What if you stopped giving a damn about what others think and chose compassion every time?
What if you stepped up and gave your daughter all the love and support she needed.
As a parent, before you ever find yourself in such a situation with your daughter (or your son, having gotten his sexual partner pregnant), let them know from as young an age as possible that they can always come and talk to you about these things. Show them through your consistent actions and behaviour that you will always listen to them and be supportive. You will save so much anguish and torment that could, in turn, affect the baby. It was one of my biggest worries, that if I were to keep the baby, would it be affected by all the stress I was going through?
And what if you can talk to your child openly about contraception even before the age you think they’d be sexually active.
In some Western cultures, it’s not unheard of for a girl of fourteen or fifteen years old, even if she’s not sexually active yet, to go on oral contraceptives with the signed consent of a parent or legal guardian. This might sound preposterous to some of you, but think about it, wouldn’t you rather assume that your daughter is sexually active (or thinking about becoming active) and has taken all the proper precautions, than assume she isn’t, never discussing it with her, and one, day lo and behold she’s pregnant.
I’m in no way saying every fourteen year old girl should be on the pill, but this is the choice some parents and daughters have made and it works for them. The more options you know about, the more informed choices you can make.
Also, being strict with your children, restricting where they go and who they go out with is not guaranteed prevention. In fact, it wouldn’t be surprising if it made them more likely to rebel. When two young love birds with raging hormones want it, they will find a way through all the restrictions put upon them anyway. The parents will only have added fuel to their fire, so to speak.
Apart from the very basic sex education at school, I really didn’t know enough about contraception. It’s not something my parents ever discussed with me. And even though my boyfriend was eight years my elder, at twenty-five years old, he didn’t know enough either. Ideally I should have been on the pill and we should have used a condom every single time — which we didn’t because he told me that we didn’t need to and if he pulled out in time it would be okay. It wasn’t. It never is. It is always a risk.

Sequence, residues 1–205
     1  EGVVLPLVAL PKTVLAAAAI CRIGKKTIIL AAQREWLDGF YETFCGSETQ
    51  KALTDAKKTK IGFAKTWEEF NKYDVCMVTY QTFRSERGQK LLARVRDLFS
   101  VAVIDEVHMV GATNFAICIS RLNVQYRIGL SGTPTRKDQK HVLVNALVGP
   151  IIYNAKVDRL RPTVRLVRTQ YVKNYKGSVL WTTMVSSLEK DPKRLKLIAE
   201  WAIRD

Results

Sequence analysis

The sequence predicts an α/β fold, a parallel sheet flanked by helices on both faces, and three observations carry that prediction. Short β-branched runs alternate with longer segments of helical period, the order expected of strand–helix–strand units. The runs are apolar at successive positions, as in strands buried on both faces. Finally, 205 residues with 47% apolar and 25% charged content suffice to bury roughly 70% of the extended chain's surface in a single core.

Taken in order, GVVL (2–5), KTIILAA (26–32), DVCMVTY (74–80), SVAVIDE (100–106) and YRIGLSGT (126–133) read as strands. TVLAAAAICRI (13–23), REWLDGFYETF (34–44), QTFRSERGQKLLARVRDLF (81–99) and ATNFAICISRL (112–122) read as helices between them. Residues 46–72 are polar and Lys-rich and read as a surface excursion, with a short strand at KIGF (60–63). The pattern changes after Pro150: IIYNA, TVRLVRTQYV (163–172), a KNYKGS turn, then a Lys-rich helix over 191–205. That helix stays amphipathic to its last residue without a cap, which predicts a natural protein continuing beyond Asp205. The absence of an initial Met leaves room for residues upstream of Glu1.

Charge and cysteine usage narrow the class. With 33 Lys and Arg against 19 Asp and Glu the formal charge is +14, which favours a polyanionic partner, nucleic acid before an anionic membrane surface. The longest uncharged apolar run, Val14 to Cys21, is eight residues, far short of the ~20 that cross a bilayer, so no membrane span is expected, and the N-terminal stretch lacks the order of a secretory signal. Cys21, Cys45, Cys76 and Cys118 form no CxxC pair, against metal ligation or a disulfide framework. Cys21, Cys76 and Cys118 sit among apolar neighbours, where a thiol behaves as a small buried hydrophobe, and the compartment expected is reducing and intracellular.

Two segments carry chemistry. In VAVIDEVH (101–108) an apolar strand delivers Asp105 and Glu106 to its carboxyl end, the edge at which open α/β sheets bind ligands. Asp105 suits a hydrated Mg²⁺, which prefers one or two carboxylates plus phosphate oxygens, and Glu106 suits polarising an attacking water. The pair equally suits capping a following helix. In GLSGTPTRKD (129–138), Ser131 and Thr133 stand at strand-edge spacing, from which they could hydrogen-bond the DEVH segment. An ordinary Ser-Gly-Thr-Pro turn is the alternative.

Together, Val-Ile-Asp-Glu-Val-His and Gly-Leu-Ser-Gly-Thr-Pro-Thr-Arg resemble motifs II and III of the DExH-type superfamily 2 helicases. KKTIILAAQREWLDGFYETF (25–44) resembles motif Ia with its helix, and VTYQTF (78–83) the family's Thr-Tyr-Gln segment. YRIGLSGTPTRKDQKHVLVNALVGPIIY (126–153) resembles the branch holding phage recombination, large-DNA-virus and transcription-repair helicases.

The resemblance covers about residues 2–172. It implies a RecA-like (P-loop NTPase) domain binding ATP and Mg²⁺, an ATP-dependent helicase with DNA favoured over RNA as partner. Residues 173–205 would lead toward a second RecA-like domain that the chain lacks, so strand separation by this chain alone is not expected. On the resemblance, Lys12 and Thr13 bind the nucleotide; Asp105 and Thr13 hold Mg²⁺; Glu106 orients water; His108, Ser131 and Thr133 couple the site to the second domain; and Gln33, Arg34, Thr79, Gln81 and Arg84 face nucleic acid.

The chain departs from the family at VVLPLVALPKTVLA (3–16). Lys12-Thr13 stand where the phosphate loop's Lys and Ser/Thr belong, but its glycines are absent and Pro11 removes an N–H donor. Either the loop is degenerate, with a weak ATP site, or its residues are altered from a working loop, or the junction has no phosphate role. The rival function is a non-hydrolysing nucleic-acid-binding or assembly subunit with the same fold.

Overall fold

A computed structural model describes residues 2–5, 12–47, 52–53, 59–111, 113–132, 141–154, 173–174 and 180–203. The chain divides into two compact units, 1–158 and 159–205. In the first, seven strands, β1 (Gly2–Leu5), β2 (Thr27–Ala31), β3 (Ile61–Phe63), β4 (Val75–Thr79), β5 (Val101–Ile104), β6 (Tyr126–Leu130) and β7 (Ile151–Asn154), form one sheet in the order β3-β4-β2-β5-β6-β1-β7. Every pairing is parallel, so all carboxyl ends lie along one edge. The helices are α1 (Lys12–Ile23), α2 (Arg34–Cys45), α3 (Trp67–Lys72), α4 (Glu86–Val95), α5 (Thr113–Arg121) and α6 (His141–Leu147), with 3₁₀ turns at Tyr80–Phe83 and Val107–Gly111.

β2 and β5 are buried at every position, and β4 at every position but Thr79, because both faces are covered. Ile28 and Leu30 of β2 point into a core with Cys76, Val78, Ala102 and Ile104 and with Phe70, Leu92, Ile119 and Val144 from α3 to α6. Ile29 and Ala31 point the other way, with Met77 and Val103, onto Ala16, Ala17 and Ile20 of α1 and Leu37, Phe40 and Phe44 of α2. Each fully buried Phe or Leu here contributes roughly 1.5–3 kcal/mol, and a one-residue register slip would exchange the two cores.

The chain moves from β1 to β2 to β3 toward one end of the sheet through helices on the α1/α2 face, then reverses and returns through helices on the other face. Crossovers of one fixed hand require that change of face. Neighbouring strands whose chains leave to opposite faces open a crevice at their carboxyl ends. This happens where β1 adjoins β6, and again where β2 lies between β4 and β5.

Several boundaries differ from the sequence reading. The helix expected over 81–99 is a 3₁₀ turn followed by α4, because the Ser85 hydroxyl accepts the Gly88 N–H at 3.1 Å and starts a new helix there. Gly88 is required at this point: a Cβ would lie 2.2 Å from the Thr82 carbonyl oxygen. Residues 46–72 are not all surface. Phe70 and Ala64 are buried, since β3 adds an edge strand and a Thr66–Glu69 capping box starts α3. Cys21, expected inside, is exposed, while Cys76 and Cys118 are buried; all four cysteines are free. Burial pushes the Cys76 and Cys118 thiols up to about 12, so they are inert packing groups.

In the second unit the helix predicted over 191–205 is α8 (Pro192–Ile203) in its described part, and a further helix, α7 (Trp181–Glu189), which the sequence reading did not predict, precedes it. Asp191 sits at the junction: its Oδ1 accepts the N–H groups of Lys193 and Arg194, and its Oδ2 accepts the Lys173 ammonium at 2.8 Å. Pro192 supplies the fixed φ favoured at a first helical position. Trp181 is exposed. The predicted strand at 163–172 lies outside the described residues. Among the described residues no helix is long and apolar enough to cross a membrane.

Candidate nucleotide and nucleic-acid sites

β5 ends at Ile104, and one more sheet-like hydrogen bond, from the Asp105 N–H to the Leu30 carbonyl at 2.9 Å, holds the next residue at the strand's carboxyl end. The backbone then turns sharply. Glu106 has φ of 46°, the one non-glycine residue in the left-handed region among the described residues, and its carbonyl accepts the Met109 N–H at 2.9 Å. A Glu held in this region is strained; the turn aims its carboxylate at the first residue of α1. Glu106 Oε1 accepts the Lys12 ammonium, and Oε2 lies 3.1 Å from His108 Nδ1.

I don’t blame him though, because although he was more experienced than I was, he still didn’t have all the correct information either. Sex education in schools, banter between friends and all the conflicting information on the Internet isn’t enough. Parents must get the correct information, fill in all the blanks and communicate with their children about everything.
The combination of female contraceptives and a condom is the only thing that is going to save your child from an unwanted pregnancy, and a condom definitely from any sexually transmitted diseases, which are just as rife as the common cold (and even then, nothing is 100% effective… well, other than complete abstinence).
I once read somewhere about an ancient indigenous community, in an era when contraception wasn’t available, who allowed their children of age to go off and live their lives following their instincts as they pleased. There was no concept of marriage. If they became pregnant, the babies would go to live with their grandparents. They were brought up under the care and wisdom of grandparents, usually a collective community of them, who taught them about living and working in harmony with nature and who instilled spiritual values, while the young adults who although visited them frequently, continued to live out their lives with all the freedom nature had intended until they felt ready to live their lives differently.
There was more harmony and happiness. The children grew up well balanced.